The Central Bank of Russia fears the local derivatives market could be seriously damaged by a shock court judgement ordering Sberbank to pay 67 billion rubles ($1.12 billion) compensation to state-owned transport company Transneft for losses incurred on trades during the 2014 ruble devaluation.
“The emerging judicial practice creates unacceptable legal risks for over-the-counter transactions concluded between Russian banks and Russian non-financial organisations,” a spokesperson for the central bank says in an email to Risk.net. 50% plus one share of Sberbank are state-owned, with 45% of the remainder held by foreign investors; Transneft is entirely state-owned.
“This will result not just in higher hedging costs but also in the curtailment of these transactions in the Russian jurisdiction. In these conditions we believe a serious decline in the Russian OTC market is all but inevitable.”
The central bank led a chorus of industry criticism over the Arbitration Court of Moscow ruling on June 21 that invalidated two expired vanilla options contracts. According to the court, Russia’s largest oil pipeline company lacked the financial expertise and experience to understand the transactions and was misled about the risks. The US dollar/ruble-linked options resulted in huge losses for Transneft after the ruble plunged against the dollar in 2014.
Russia’s central bank told Risk.net that, contrary to the opinion of the court, companies such as Transneft had the expertise and experience to assess the risks of the trades.
In these conditions we believe a serious decline in the Russian OTC market is all but inevitableCentral Bank of Russia
“The largest Russian companies, due to their position in the industry, have not only the financial capacity to attract external independent expertise in the use of complex financial instruments, but also their own extensive experience in the financial market, as well as highly qualified personnel. These companies use internal risk management policies, including currency and interest rate policies,” says the central bank.
“The management bodies of the largest Russian companies include individuals with significant experience in the financial market, and the structural divisions of such companies, responsible for managing risks and conducting transactions in the financial market, are headed by professionally trained specialists. Thus, the activities of large companies in the financial market are systemic in nature and they are certainly qualified investors who have the ability to make independent decisions on the use of derivatives for risk management, and to assess the consequences of concluding such transactions,” the bank adds.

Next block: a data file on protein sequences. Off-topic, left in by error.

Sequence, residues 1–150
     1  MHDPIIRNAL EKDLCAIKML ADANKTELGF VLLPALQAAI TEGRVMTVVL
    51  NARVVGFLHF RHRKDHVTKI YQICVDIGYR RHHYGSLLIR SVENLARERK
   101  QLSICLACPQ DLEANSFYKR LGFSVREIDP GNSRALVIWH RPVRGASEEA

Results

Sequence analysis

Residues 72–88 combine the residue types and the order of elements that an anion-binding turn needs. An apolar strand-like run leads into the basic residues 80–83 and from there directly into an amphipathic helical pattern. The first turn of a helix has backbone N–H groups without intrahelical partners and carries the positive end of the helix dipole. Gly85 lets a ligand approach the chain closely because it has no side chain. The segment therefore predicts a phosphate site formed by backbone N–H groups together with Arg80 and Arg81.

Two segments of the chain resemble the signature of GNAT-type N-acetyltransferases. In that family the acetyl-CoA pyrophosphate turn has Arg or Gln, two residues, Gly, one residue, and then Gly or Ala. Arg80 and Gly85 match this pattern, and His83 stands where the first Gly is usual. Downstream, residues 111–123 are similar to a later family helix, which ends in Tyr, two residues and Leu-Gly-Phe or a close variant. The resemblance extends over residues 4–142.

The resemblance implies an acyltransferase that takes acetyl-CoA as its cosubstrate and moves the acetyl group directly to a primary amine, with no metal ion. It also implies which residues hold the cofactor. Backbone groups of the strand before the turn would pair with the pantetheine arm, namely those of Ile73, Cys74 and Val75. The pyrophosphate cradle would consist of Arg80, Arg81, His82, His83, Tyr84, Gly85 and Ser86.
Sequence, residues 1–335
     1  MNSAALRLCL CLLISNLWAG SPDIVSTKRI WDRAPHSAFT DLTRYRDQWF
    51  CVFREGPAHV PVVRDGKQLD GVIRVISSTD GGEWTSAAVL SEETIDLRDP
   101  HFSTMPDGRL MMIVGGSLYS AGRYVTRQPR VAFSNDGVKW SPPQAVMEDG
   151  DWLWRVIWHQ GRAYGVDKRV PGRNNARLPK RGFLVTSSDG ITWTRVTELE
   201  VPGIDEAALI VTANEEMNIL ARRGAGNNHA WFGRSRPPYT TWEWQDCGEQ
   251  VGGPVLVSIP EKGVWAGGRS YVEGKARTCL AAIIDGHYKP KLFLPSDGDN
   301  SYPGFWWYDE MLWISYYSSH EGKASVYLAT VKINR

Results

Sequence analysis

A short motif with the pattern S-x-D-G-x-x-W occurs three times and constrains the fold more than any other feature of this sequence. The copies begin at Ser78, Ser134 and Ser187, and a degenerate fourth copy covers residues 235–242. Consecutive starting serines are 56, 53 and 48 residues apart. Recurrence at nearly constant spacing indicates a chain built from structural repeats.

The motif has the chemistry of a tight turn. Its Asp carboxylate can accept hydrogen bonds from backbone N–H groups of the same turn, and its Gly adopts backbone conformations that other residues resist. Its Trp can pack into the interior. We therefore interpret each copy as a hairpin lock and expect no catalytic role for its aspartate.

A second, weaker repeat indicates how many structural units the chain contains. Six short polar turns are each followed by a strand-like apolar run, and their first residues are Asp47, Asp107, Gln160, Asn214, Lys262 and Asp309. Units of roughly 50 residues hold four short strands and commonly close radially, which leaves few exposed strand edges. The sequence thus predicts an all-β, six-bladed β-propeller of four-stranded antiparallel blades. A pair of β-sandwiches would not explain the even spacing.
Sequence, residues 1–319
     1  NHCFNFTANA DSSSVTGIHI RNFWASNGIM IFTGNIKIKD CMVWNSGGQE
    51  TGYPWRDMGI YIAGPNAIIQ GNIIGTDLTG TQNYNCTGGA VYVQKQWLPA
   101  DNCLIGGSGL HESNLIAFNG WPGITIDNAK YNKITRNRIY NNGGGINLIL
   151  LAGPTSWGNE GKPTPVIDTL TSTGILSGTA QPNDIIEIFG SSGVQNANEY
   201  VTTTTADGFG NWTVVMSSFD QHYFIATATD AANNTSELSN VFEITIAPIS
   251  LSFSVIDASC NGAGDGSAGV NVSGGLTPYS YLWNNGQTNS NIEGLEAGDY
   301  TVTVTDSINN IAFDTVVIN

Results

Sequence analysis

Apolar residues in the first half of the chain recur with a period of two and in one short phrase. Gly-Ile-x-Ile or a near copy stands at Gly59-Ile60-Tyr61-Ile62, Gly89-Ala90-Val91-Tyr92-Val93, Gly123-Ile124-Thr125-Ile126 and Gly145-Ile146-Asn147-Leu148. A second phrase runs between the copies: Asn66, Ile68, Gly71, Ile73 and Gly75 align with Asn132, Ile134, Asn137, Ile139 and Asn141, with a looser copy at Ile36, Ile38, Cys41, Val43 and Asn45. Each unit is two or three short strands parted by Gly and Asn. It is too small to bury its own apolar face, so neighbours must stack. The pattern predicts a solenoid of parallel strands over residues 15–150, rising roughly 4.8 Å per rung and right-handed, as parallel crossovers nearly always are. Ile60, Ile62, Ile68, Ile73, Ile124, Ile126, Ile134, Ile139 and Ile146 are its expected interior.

The court case revolved around two vanilla options contracts signed under Russian documentation that Transneft entered to lower the cost of its ruble-denominated debt.
The first was a one-touch put option Sberbank sold to Transneft where, for a premium of 169 million rubles, Transneft had the right to sell around $2 billion for receipt of 65 billion rubles if the ruble/dollar spot rate exceeded 45. At the same time, Transneft sold Sberbank a call option where, for a premium of 1.3 billion rubles, Sberbank would have the right to sell to Transneft 65 billion rubles for receipt of $2 billion – set to the same spot-rate barrier.
At the time the trades were struck in late 2013, the ruble was trading at 32.67 to the dollar. However, over the course of the following year, falling oil prices and geopolitical tensions precipitated a crisis in the Russian currency. The trade was restructured in 2014 and the spot threshold was increased to 50.35, but by December 1 that year the rate hit 52.62. Sberbank exercised its call option at that point, creating a 67 billion ruble liability for Transneft – one of the largest derivatives trading losses ever recorded by a non-financial company. The company settled in September 2015.
That was thought to be the end of the story, until Transneft filed a lawsuit against Sberbank in January 2017. The company argued the contracts should be invalidated for a breach of Articles 1 and 10 of the Civil Code of the Russian Federation, which require parties to a contract to act in good faith. In particular, the company told the court it did not have experience of trading complex derivative instruments, and lacked the expertise to properly assess the risks in the contracts that Sberbank had not adequately disclosed.
The court ruled in favour of Transneft. Sberbank is understood to be planning to appeal the verdict. The Russian bank was unable to comment by the time of publication.
The ruling is not the first controversial derivatives judgement made by the court – in 2013, it allowed a UniCredit client to walk away from an interest rate swap without paying termination costs. But this case has much wider scope, as it impacts any derivatives contract under Russian law.